PublisherThe University of Arizona.
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EmbargoRelease after 07/16/2022
AbstractAlzheimer’s disease (AD) is a neurodegenerative disease that is characterized by cognitive decline in memory and behavior. Targeting the common pathologies associated with AD (amyloid-beta (Aβ) plaques and intraneuronal neurofibrillary tangles (NFTs)) have yielded little success in improving cognition in AD patients. Research has turned to exploration of other AD pathologies, including neuroinflammation caused by chronically activated microglia. In the following studies, decreasing microglial activation through modulation of the anti-inflammatory Mas receptor of the Renin-Angiotensin system (RAS) in the brain was explored. First, using an AD mouse model, mice were treated with Mas receptor agonists (the native ligand angiotensin (1-7), in addition to two small molecules, RASRx1902 and RASRx1911). Expression of hippocampal RAS receptors and microglial activation markers was explored using RT-qPCR. Mas receptor expression was found to be positively correlated to expression of both the pro-inflammatory RAS receptor At1r-1b and the microglial activation marker Cd68. Cd68 expression was negatively correlated to novel object recognition (NOR) score. These results indicate a possible relationship among Mas receptor expression, microglial activation, and cognition that will be explored further in future studies. Next, the HMC3 cell line was used as an in vitro model of human microglia, and the resting and activated states of the cells were characterized by measuring the microglial activation markers CD68, HLA-DR, CD11b, reactive oxygen species, and cell size. After activating the cells with IFN-gamma, they were treated with RASRx1902 and a significant decrease in microglial activation occurred. These results indicate that RASRx1902 might be effective in decreasing neuroinflammation caused by microglial activation in AD. Lastly, in preparation for future experiments to study signaling pathways modulated by the Mas agonists, efforts to overexpress the Mas receptor in cell lines were made. CHO-K1 cells were transfected with human Mas, and the cells were selected with an antibiotic and cloned. Using RT-qPCR, it was found that the cells overexpressed human Mas RNA; however, when cells were stained with antibodies and viewed with flow cytometry, immunofluorescence imaging, and western blot, no protein was found. Current work on overexpressing the Mas receptor in HMC3 cells is also described. Overall, it was found that decreasing microglial activation using Mas receptor agonists has promise to be an effective treatment of neuroinflammation in AD.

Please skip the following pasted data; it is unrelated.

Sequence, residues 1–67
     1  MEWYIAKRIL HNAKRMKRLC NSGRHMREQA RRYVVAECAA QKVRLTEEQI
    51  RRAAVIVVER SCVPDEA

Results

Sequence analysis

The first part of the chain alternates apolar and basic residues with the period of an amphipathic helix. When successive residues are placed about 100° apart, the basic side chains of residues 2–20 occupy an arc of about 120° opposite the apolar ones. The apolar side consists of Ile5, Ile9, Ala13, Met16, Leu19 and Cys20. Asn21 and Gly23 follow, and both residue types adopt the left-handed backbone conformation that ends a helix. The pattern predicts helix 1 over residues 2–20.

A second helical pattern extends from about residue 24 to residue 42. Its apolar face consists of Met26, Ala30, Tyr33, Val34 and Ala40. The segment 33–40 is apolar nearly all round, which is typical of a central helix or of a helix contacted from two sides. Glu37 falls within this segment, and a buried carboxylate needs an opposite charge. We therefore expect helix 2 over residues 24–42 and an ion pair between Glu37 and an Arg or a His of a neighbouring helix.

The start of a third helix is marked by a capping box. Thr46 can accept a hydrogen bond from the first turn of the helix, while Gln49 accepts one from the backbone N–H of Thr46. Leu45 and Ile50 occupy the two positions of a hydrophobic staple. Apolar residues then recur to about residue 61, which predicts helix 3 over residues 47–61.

Degree ProgramGraduate College